Sunday, April 25, 2010

William R. Hearst III on News & the Future of News

William R. Hearst III is a partner at the powerful venture capital firm Kleiner Perkins Caufield & Byers. He serves on many boards of directors, perhaps most importantly The Hearst Corporation. According to its Web site, "The Hearst Corporation is one of the nation's largest diversified communications companies. Its major interests include magazine, newspaper and business publishing, cable networks, television and radio broadcasting, internet businesses, television production and distribution, newspaper feature distribution, and real estate."

Fred Dodsworth: Your family has been involved in the media business for?
Will Hearst: For over a 125 years.

Dodsworth: Where do you see the media business going?
Will Hearst: As long as people gather someplace and exchange information there are going to be institutions that gather information and package it, and to some degree, put their credibility next to it. When you say the media business you're of course including broadcasting and print and Internet and all kinds of different platforms on which people both gather and exchange and consume information ... and entertainment as well.

Dodsworth: What is the goal of that dissemination of information?
Will Hearst: It's the campfire. It's the place where people gather and compare notes. The ultimate question people are asking themselves is "How does my life compare to that life?" "How's it going to affect my life? " "Is there an opportunity here for me?"

We also read — and I mean read in the sense of view and consume and browse and search for information — for a kind of human dimension. When I read about Katharine Graham dying I thought, "Oh. My dad died a few years ago. And I know Don Graham." You tend to sort of take the dramatic events and the human events and personalize them. And that's just never going to stop. From the earliest imaginable human society people gathered around and compared notes, and that's what we're doing.

Dodsworth: You kind of started your career at Rolling Stone, an alternative publication.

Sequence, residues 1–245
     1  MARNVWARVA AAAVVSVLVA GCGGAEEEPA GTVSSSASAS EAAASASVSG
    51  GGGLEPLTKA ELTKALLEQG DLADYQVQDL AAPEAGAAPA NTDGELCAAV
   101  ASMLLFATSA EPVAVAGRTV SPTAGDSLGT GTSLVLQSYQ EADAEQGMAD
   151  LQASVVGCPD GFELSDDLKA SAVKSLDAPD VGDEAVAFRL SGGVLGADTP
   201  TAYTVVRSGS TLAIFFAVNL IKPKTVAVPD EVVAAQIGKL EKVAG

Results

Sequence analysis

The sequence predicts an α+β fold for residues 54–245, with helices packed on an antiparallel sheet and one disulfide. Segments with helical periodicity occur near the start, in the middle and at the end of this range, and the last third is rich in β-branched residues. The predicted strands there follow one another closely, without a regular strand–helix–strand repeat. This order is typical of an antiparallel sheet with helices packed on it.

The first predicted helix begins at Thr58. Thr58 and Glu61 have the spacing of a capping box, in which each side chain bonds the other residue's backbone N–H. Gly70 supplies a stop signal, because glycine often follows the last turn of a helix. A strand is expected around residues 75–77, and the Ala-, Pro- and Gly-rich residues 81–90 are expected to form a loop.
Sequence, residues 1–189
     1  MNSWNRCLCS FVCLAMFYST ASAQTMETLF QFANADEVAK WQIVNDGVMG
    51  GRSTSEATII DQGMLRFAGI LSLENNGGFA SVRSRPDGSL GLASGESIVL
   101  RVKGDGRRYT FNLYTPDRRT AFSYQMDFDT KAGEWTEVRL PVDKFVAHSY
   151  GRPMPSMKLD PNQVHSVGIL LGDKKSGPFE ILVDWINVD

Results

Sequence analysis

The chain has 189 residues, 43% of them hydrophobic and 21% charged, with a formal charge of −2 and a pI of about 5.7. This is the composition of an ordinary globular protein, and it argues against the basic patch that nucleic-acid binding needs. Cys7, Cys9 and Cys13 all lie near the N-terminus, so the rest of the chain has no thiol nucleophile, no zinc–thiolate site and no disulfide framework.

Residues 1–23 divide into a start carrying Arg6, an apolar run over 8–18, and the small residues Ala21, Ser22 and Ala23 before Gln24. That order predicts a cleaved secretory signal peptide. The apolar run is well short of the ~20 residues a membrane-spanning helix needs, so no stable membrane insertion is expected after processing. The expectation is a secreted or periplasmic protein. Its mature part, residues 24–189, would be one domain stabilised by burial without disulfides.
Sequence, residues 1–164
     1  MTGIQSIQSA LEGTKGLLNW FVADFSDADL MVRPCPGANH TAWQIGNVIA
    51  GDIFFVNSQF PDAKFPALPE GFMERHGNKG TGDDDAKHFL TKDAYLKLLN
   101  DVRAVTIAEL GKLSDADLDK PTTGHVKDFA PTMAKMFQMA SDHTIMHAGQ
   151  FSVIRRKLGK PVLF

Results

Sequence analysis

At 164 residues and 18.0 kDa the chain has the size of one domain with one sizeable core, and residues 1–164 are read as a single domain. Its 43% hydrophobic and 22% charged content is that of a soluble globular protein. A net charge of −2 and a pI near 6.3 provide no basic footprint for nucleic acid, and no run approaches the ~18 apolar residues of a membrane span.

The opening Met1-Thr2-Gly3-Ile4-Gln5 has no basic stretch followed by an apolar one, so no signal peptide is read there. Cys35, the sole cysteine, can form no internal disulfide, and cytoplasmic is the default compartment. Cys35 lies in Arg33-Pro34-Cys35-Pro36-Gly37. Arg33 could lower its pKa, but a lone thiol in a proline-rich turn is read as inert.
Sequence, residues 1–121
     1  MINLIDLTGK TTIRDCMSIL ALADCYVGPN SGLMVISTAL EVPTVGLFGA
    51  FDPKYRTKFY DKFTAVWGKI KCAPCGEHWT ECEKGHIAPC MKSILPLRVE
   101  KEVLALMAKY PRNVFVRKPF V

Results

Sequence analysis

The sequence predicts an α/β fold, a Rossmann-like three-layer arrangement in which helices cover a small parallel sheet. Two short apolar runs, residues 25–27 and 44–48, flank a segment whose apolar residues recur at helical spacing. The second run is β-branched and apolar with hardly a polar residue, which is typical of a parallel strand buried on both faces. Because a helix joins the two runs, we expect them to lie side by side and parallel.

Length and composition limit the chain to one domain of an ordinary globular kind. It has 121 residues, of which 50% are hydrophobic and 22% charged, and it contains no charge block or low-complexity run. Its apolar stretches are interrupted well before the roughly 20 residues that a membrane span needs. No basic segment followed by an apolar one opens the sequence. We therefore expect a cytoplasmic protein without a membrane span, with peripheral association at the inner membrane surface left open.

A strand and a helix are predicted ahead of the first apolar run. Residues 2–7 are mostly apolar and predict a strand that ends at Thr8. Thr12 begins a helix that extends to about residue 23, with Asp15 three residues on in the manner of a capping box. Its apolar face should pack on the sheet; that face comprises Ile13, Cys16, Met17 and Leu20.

Will Hearst: I like alternative newspapers a lot.

Dodsworth: The S.F. market has a great number of alternative papers. When one looks at the total readership of all the alternatives, it surpasses the readership of the major dailies.
Will Hearst: The other thing you're getting is you're getting a publication count that looks like the daily newspaper world of the mid-1950s when San Francisco had seven newspapers. We don't have seven newspapers today (chuckling) but we do have (at least) seven alternative newspapers. And that's not even counting the ethnic press.

Dodsworth: So what is the 21st century definition of an alternative newspaper?
Will Hearst: (Laughing loudly.) That's almost impossible to answer. I don't think you could make a definition. There are certain characteristics of alternative newspapers that seem to trend. Alternative newspapers tend more often to be weekly, rather than daily. They often tend to be smaller format rather than broadsheet. They often tend to excel in cultural coverage relative to the metro dailies. They often tend to underachieve in business coverage and sports coverage. And they tend to cover national politics, and to a large degree, local politics in what I would call an ideological coverage approach as opposed to a "paper of record" approach.
So if you (read) an alternative paper, you'll get better arts coverage, you won't find out what's going on in the business community, you'll get token sports coverage and you'll get coverage of city hall that's VERY opinionated.

I give a speech that usually irritates an audience of traditional newspaper people: "You want young readers? Double your arts coverage. Easiest thing in the world to do. It doesn't cost you that much and yet it absolutely is what the alternative presses are doing to kill you."

Dodsworth: Ideological coverage used to be synonymous with alternative press.
Will Hearst: Yes, and I don't mean to use that in a pejorative sense. I read, and I'm sure you do, LOTS of things from different points of view. I read lots of things from points of view that I don't always share. I think anybody that cares deeply about an issue, really, sincerely, should spend a lot of time reading the opposition press on that issue.

Dodsworth: I once heard attorney Laurence Tribe recommend The Wall Street Journal to a group of movement organizers.